What are the measles?
- Measles, or rubeola, is a viral infection of the respiratory system. Measles is a very contagious disease that can spread through contact with infected mucus and saliva. An infected person can release the infection into the air when they cough or sneeze.
- The measles virus can live on surfaces for several hours. As the infected particles enter the air and settle on surfaces, anyone within close proximity can become infected.
- Drinking from an infected person’s glass, or sharing eating utensils with an infected person, increases your risk of infection.
- Measles is a leading cause of death in children. Of the 114,900 global deaths related to measles in 2014, the World Health Organization (WHO) reported that most of the victims were under the age of 5.
- Contact a doctor immediately if you suspect you have measles. If you have not received a measles vaccine and you come into contact with an infected person, visit your doctor to receive a measles vaccine within 72 hours of contact to prevent infection. You can also prevent an infection with a dose of immunoglobulin taken within six days of contact with an infected person.
What are the symptoms of measles?
Symptoms of measles generally appear within 14 days of exposure to the virus. Symptoms include:
- red eyes
- light sensitivity
- muscle aches
- runny nose
- sore throat
- white spots inside the mouth
A widespread skin rash is a classic sign of measles. This rash can last up to seven days and generally appears within the first three to five days of exposure to the virus.
A measles rash, which appears as red, itchy bumps, commonly develops on the head and slowly spreads to other parts of the body.
Who is at risk for measles?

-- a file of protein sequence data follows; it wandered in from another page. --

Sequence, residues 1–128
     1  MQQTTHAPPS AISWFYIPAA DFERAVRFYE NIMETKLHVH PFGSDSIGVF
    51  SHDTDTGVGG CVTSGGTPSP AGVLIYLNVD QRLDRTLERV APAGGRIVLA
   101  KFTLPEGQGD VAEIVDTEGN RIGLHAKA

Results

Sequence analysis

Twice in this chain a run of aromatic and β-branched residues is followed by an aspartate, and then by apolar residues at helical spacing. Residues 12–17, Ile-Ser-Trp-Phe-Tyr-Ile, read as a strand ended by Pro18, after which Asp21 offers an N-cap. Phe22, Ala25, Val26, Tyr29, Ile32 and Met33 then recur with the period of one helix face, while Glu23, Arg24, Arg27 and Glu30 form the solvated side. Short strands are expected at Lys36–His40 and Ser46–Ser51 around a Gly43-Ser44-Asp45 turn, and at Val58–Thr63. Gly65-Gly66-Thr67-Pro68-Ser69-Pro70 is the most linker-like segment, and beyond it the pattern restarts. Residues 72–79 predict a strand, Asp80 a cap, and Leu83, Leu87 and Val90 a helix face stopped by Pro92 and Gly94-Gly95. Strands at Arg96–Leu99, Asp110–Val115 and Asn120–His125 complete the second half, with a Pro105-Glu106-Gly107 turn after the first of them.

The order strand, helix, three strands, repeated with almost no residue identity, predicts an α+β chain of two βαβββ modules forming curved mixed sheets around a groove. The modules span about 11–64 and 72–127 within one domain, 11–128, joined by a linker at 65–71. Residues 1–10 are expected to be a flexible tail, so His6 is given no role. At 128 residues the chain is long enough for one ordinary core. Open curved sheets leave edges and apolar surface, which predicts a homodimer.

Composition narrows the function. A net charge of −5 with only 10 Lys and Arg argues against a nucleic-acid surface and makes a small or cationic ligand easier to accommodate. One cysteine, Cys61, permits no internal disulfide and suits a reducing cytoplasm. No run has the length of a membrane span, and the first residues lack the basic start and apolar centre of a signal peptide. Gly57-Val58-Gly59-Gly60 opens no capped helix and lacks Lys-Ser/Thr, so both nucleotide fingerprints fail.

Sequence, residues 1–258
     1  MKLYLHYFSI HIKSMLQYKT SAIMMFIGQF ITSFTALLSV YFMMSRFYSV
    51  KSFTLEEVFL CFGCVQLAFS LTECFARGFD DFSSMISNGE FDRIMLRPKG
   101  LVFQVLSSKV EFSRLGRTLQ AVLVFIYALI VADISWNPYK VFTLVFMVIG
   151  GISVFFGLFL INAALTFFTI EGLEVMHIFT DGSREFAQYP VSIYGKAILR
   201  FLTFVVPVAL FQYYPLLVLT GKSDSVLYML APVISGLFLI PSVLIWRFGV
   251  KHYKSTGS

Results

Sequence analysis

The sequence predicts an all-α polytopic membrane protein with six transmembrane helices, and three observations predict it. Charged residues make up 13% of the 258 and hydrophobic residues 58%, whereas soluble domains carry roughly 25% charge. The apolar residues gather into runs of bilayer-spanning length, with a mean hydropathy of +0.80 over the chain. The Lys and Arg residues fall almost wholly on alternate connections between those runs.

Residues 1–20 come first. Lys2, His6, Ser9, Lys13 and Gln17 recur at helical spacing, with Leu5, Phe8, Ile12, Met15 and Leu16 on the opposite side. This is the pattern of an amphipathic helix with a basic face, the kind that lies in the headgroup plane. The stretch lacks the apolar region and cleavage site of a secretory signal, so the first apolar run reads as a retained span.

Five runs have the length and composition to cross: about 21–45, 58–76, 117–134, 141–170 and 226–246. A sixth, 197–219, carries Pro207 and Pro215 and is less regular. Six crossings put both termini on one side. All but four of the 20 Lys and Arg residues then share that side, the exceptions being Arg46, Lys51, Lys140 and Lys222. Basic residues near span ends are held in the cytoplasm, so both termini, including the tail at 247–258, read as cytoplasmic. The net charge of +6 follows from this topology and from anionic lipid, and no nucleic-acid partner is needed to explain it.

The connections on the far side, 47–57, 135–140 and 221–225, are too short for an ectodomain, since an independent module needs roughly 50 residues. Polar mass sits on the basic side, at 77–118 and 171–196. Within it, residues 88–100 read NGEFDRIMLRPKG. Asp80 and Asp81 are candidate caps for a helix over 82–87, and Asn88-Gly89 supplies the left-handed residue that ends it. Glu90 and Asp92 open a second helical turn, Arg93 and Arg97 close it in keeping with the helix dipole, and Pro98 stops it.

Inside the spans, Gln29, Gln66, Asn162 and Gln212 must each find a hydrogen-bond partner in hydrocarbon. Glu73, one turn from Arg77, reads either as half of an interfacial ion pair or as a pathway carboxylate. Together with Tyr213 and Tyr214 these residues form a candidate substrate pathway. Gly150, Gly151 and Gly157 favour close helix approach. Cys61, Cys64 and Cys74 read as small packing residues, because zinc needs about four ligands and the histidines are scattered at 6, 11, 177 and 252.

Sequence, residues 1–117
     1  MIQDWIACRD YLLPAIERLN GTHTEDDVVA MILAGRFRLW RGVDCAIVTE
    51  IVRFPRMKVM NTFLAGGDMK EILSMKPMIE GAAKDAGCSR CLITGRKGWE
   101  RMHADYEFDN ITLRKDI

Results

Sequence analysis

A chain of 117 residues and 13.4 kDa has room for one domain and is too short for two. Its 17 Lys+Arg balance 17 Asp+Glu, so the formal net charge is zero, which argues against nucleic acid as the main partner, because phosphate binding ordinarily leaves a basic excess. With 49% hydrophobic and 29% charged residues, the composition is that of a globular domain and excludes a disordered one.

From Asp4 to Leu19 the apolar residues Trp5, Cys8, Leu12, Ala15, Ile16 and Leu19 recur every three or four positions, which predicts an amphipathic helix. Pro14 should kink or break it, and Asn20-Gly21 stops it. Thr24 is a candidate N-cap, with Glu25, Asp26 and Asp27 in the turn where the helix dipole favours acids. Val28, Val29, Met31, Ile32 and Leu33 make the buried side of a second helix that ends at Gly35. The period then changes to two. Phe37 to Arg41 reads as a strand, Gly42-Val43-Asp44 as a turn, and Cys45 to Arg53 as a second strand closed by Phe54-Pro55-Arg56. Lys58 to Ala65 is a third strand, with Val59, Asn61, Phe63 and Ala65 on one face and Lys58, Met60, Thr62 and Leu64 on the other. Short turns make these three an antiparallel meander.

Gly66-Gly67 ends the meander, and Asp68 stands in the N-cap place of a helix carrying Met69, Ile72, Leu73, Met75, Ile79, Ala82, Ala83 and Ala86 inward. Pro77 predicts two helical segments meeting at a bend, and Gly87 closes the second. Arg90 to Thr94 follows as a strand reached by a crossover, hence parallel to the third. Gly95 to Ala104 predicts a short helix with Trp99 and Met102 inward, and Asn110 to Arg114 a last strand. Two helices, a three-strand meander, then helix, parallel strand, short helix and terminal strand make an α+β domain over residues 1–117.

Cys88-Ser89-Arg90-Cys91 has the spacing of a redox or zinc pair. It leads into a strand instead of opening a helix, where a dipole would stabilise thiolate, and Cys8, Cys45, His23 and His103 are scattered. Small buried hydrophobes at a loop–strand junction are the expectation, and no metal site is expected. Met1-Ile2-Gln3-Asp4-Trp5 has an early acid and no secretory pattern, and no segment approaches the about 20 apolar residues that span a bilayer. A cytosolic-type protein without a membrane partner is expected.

- The number of measles cases has significantly dropped in recent decades due to immunizations. However, the disease has not been completely eliminated.
- Measles primarily occurs in unvaccinated children. Some parents choose not to vaccinate their children for fear that vaccines will have adverse effects on their children. Most children and adults who receive a measles vaccine do not experience side effects.
- But in rare cases, the vaccine has been linked to seizures, deafness, brain damage, and coma. It is important to note that these serious side effects from the measles vaccine occur in less than 1 out of every million doses of the vaccine given.
- Some parents believe that the measles vaccine can cause autism in children. However, numerous studies have proven that there is no link between autism and immunizations.
- A vitamin A deficiency is also a risk factor for measles. Children with too little vitamin A in their diets have a higher risk of catching the virus.
- Your doctor can confirm measles by examining your skin rash and checking for symptoms that are characteristic of the disease, such as white spots in the mouth, fever, cough, and sore throat.
- If they are unable to confirm a diagnosis based on observation, your doctor may order a blood test to check for the measles virus.
How to treat measles
There is no prescription medication to treat measles. The virus and symptoms typically disappear within two to three weeks. However, your doctor may recommend:
- paracetamol to relieve fever and muscle aches
- rest to help boost your immune system
- plenty of fluids (six to eight glasses of water a day)
- humidifier to ease a cough and sore throat
- vitamin A supplements
Complications associated with measles
It is important to receive a measles vaccine because measles can lead to life-threatening complications, such as pneumonia and inflammation of the brain (encephalitis).
Other complications associated with measles may include:
- ear infection
- miscarriage or preterm labor
- decrease in blood platelets
- severe diarrhea
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